An entrepreneur’s greatest feat is the successful transfer of control of the business. Many business founders believe sharing power with qualified managers is challenging, but the even greater challenge is often leading the process of decoupling the business from a driven entrepreneurial leader. The charisma and drive that created success must be focused on the crucial process of selecting the right option for ownership transition. The owner’s final journey can best be broken into three distinct phases: The Decision, The Transaction and The Release.
The first phase is where critical evaluation and decisions are made. Decisions are often masked by emotions and the desire not to offend family and/or leadership. One former owner described this phase as the most difficult because it required an honest assessment of talent and capabilities, as well as awareness of legal and financial structuring implications. The ability to honestly assess the capabilities of a family member or business manager to run the complex enterprise that the entrepreneur created is difficult. However, many businesses have ceased to exist shortly after an incapable successor took control. So what options exists when one’s heir or manager is not currently capable of running the enterprise?
The decision to transition to a family member, key employees or an outside third party requires much thought. External resources exist to guide an owner through these decisions, including exit planning professionals, investment bankers, human resource consultants or peer affinity groups for closely held business owners. This is the most important phase and one that often requires the most time to evaluate and test an owner’s initial thoughts.
The second phase is the execution phase. After the decision and direction has been established, the next challenge is executing the plan. The majority of middle market business owners hire an investment banker to serve as a guide through this process. The key theme is keeping the momentum of the deal moving. If a manager group is one’s desired transition plan, then a defined timeline for confirming interest and securing the necessary capital is essential. Without an investment banker to advise the owner and move the transaction forward, many owners’ transition plans have been stalled or, even worse, held captive by the manager attempting to complete a deal. The most common delay for a manager is the inability to secure bank and equity financing. A capable banker can quickly assess and secure necessary funding.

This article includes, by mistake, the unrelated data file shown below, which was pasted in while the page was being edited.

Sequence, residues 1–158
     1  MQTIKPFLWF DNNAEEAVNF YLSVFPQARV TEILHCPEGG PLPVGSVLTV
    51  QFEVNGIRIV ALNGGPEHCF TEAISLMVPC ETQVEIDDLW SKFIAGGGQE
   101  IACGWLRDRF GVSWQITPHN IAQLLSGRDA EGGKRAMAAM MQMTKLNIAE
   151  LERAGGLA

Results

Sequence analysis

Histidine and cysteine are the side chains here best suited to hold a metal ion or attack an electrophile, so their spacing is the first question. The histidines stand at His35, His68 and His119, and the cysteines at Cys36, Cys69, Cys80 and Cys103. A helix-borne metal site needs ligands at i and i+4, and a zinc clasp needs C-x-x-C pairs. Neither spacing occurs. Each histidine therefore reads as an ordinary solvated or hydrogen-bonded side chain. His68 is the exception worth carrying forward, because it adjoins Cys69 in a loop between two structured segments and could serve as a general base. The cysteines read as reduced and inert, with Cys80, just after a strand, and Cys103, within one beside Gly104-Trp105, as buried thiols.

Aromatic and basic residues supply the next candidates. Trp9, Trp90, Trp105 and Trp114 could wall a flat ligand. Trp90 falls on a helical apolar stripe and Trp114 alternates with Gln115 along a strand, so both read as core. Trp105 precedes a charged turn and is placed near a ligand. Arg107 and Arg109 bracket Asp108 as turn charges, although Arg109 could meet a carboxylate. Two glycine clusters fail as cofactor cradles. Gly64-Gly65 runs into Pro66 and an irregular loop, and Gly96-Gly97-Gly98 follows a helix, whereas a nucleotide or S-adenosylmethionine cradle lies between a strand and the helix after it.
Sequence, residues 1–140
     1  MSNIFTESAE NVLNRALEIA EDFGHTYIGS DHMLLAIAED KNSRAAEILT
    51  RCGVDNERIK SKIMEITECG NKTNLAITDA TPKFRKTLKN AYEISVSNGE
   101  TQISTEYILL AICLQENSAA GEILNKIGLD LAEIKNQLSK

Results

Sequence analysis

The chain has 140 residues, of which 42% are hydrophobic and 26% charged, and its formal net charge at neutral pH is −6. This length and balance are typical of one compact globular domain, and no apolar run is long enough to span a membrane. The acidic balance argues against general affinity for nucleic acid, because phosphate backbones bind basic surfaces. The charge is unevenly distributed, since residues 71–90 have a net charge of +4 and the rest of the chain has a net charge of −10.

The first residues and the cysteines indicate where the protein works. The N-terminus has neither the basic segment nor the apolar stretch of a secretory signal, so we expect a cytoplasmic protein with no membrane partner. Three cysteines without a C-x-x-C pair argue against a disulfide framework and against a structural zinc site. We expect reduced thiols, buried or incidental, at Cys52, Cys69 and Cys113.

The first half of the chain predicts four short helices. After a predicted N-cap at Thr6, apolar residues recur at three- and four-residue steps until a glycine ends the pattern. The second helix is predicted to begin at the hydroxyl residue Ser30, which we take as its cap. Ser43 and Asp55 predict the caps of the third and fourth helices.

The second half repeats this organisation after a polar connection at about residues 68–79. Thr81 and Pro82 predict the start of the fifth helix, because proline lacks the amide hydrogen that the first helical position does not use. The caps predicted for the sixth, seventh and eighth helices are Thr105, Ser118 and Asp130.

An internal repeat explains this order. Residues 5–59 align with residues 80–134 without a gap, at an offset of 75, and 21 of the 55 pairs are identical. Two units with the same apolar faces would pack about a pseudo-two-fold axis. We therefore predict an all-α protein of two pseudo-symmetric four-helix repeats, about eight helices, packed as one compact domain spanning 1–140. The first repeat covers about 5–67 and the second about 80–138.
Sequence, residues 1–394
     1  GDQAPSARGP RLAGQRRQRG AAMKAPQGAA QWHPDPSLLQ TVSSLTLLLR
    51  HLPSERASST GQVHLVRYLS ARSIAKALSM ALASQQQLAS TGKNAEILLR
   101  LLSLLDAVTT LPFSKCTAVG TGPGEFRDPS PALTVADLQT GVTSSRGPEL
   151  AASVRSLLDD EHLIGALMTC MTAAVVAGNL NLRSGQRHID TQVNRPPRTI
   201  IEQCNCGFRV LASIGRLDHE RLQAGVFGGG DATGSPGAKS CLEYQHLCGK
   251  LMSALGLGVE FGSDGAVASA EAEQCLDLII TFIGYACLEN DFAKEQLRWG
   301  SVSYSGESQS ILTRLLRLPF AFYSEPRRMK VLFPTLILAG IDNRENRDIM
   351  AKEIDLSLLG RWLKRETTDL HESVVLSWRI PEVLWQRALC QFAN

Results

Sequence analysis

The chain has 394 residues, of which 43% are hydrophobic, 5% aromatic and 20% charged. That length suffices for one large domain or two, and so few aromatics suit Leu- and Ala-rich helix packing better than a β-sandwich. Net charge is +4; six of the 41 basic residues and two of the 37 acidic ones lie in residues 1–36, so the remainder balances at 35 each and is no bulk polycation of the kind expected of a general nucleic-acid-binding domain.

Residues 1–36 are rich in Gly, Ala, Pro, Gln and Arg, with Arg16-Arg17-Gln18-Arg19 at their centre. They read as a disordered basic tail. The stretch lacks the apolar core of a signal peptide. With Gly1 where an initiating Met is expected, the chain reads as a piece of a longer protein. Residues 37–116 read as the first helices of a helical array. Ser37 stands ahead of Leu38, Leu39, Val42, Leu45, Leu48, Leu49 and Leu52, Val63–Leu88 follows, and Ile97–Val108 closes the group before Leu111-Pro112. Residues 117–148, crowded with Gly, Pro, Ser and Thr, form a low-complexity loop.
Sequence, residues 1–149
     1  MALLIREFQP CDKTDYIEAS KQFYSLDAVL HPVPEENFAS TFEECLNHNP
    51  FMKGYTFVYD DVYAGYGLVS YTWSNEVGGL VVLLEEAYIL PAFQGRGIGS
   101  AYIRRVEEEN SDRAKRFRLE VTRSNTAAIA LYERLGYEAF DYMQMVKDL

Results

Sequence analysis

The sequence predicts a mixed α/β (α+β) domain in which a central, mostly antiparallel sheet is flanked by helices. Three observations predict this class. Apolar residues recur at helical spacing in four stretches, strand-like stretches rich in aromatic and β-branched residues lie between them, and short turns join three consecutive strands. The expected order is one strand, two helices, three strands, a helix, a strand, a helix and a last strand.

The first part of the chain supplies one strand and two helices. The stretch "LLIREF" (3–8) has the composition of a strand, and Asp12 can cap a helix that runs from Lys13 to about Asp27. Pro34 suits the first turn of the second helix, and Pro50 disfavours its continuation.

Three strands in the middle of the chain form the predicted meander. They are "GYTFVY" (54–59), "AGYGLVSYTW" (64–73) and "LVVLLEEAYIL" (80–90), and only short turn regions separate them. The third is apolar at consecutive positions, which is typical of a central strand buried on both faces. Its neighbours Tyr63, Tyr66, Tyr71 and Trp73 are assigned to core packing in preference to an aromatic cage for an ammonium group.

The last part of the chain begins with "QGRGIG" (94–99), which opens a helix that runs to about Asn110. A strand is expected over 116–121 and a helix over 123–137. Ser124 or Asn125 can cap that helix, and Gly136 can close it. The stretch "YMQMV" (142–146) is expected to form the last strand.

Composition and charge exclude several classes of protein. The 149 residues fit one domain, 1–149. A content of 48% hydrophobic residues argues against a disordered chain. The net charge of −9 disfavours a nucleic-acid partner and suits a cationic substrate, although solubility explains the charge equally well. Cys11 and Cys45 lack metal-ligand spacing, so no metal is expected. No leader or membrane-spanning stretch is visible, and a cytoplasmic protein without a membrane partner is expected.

A variety of structures are available to a manager or family member. These options include a redemption, employee stock ownership plan, staged management buyout and others. The legal, tax and business complexities are significant and require skilled transactional advisors in each discipline.
The ability to have a back-up plan for an owner’s transition is critical for ensuring success. We are engaged when a manager is attempting to buy out a business, or a pre-emptive offer has been made by a strategic competitor. Interest from the sole buyer and the evaluation of their conversation often prompts a larger discussion. An investment banker’s involvement provides deal guidance, but, more importantly, gives the early buyer the fear of a broader market offering which will often produce more competition and a higher purchase price.
After a letter of intent is executed, the deal will not materially improve. The ability to close quickly and without surprises is the sole goal at this point. The use of virtual data rooms, skilled advisors and a third party negotiating critical terms and conditions on the owner’s behalf if often essential to preserving the desired deal. The most common issue facing a management buyout or family transition is the negotiation of sensitive deal points with family or friends. The use of an outside advisor provides a welcome buffer and helps preserve future relations.
By this point, the deal has been completed and the stock has been transferred, but the owner has not mentally given up control of the business. The release of control can either be done quickly and fully, which provides a clear leadership control point, or it can be staged over time. The majority of transactions we are involved with require control and responsibilities to be transitioned over time. The slow transfer of power and responsibilities enables management or family to assume control on a more controlled basis. However, owners should beware of the domineering entrepreneur maintaining control too long because this may undermine the effectiveness of new leadership.
To ensure a successful release, the transitioning business owner needs a compelling future plan. Motivation and excitement may come from an owner leaving to spend time on an exciting civic project, donating time to a favorite organization, spending more time with family or even starting another enterprise. The compelling future is very important to both the selling owner and the success of the business. The ability for an owner to release control of the business is essential for new stewards of the business.
The ability to transition your business to family or management is appealing on many fronts. The freedom and financial rewards of business ownership are compelling. However, the preservation of one’s legacy as the business owner is often tied directly to the success of the transition plan. The three phases of the plan: The Decision, The Transaction, and The Release all require outside expertise to ensure good decisions and focused implementation throughout the process. An owner’s stewardship and transition of the business to family, management or an outside third party is often more difficult than the purchase or starting of the business.